By NICOLE POTTINGER – STAFF WRITER
By now the Ebola virus is headlining across world news outlets, sparking fear and concern.
Ebola has been a serious crisis for some time in West African countries, including Liberia, Guinea, and Sierra Leone.
The media first brought Ebola to America’s attention when two Americans contracted the virus while working in West Africa.
The two later received treatments for the virus at Emory University (Emory). Both have since recovered.
Recently, an American man traveling from Africa, Thomas Duncan, was at Emory receiving treatment for Ebola.
Duncan has since died last week from the virus, and Center for Disease Control (CDC) officials are closely monitoring all who came into contact with Duncan.
One health worker who was in charge of Duncan’s care also contracted the virus, making it the first case of transmission within the U.S.
The recent contractions of Ebola in America have CDC officials stepping up their measures of prevention and containment.
Now, CDC workers are screening anyone returning from West Africa in airports in an effort to identify and isolate anyone at risk for contracting the virus.
Sensationalist media sources have thoroughly covered the epidemic in both America and West Africa.
It is not uncommon, however, for the media to create widespread panic in situations such as these.
Associate Professor of Biology and Biochemistry/Molecular Biology Dr. Margaret Richey emphasized, “There is nothing to be alarmed about.”
In contrast, media in Africa has given helpful resources to a state that already suffers with a lack of funds and a weak infrastructure.
Dr. Richey described the current outbreak of Ebola as a “devastating disease, the largest outbreak we have ever seen [of Ebola],” but then put the situation in perspective. “Ten times more deaths are caused by Malaria than Ebola.”
By no means is she trying to marginalize the situation. Ebola has a 50 percent mortality rate and no known vaccine or cure.
When asked if Ebola is comparable to any past epidemic (in terms of mortality rate) Dr. Richey referred to smallpox. Smallpox had a 20-50 percent mortality rate at the height of its epidemic, but due to scientific innovation, it is no longer considered a serious threat.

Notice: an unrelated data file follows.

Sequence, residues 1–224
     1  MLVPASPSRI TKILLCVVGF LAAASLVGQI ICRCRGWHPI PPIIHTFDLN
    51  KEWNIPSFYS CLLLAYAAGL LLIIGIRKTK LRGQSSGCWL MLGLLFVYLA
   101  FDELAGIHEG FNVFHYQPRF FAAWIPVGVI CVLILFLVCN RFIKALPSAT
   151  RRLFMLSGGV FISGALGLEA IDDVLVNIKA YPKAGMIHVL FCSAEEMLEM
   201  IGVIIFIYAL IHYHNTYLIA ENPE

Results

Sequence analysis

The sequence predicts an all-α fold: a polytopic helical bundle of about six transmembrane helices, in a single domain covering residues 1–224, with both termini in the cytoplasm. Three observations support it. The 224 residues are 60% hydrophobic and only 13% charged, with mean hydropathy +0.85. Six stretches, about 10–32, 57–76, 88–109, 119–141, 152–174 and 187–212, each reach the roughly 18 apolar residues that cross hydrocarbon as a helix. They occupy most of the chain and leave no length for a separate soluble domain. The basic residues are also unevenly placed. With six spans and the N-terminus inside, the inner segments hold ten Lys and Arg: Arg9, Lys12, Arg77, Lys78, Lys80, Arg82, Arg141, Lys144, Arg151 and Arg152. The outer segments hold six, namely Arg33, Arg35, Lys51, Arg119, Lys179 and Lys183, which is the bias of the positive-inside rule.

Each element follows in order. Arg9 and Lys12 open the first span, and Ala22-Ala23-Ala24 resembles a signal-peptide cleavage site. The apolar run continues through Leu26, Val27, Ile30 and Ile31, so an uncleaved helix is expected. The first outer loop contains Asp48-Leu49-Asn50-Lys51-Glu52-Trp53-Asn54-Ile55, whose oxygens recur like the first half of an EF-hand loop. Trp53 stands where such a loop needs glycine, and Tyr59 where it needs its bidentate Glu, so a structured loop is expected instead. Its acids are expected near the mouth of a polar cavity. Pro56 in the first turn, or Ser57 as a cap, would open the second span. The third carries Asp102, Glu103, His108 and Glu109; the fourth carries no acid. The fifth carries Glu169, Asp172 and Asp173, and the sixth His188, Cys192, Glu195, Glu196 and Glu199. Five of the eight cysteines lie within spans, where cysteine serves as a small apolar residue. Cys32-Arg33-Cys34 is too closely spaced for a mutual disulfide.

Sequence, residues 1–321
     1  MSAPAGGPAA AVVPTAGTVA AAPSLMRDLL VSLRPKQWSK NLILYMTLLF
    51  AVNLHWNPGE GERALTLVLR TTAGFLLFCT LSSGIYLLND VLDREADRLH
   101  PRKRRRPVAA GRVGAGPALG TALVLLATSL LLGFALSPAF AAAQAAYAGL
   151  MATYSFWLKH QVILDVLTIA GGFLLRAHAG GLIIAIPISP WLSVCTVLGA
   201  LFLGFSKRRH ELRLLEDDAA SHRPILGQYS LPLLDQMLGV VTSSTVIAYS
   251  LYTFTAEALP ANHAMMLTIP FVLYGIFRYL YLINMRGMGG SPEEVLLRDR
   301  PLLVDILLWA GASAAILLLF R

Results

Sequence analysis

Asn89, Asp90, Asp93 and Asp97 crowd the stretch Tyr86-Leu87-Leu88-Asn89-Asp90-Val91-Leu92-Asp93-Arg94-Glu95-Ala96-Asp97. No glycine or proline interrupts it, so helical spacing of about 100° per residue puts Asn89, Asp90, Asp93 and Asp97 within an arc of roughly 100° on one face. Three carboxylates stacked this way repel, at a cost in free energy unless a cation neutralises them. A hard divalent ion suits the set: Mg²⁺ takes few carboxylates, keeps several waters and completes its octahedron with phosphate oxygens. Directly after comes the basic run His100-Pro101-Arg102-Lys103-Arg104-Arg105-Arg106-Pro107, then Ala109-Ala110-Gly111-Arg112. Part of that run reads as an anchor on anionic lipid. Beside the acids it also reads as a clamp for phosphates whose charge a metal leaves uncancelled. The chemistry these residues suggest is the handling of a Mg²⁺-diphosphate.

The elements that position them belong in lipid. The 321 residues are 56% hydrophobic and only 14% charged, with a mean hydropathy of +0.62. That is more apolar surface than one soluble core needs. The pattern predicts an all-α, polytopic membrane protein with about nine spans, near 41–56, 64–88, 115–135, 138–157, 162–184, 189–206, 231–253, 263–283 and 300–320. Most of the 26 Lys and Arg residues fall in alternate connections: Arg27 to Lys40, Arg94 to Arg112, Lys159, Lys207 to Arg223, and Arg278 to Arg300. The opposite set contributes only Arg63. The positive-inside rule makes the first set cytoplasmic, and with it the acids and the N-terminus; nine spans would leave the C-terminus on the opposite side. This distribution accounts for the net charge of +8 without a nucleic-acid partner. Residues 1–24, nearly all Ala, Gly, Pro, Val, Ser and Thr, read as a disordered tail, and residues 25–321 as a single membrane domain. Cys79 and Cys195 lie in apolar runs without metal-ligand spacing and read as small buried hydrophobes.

RN and Director of Parsons Student Health Center Kathy Jones is concerned about the Ebola crisis coming to America, but she is not panicked. “Ebola has our attention and our respect. The staff at Parsons is paying close attention to advisories and alerts from the CDC,” Jones said.
Regarding students studying abroad, Dr. Richey said that “due diligence should always be employed,” and preventative measures should be taken.
These preventative measures include research into hospital infrastructures in the area.
This is especially important for students traveling CentreTerm 2015 to a West African country.
“Once [the students] return, we will have to respect the fact that they have traveled to West Africa and follow the newest guidelines from the CDC. There is a 21 day window during which time a person who has traveled to an Ebola-affected area will have to watch for signs and symptoms,”Jones said.
Students traveling to these countries should be “smart travelers” and know how Ebola is spread.
Jones said Ebola is “spread through direct contact with blood or bodily fluids of a person who is sick with Ebola, or any object that was contaminated by said fluids.”
Because of the way it is spread, it is important that travelers wash their hands.
Senior and president of the Pre-Health society Albert Anastasio, recently returned from Emory on a medical school visit.
“While I was there, I did not sense any urgency or stress in the faces of the doctors and researchers on the Emory campus.”
In fact, in our admissions interview, the Dean of Admissions told us not to worry about getting Ebola in a joking manner, and he seemed light hearted about the situation as a whole,” Anastasio said.
Ebola is a growing epidemic and serious concern among government officials, as the virus is still a serious disease with no known vaccine currently available.
That being said, it is always important to keep up with the latest developments and to be aware of the spread of Ebola across nations. While CDC officials aren’t worried of an outbreak, they still advise citizens to be alert.
Overall, in the spirit of global citizenship, you should be concerned of the gravity of this situation and understand how it could affect you and those around you.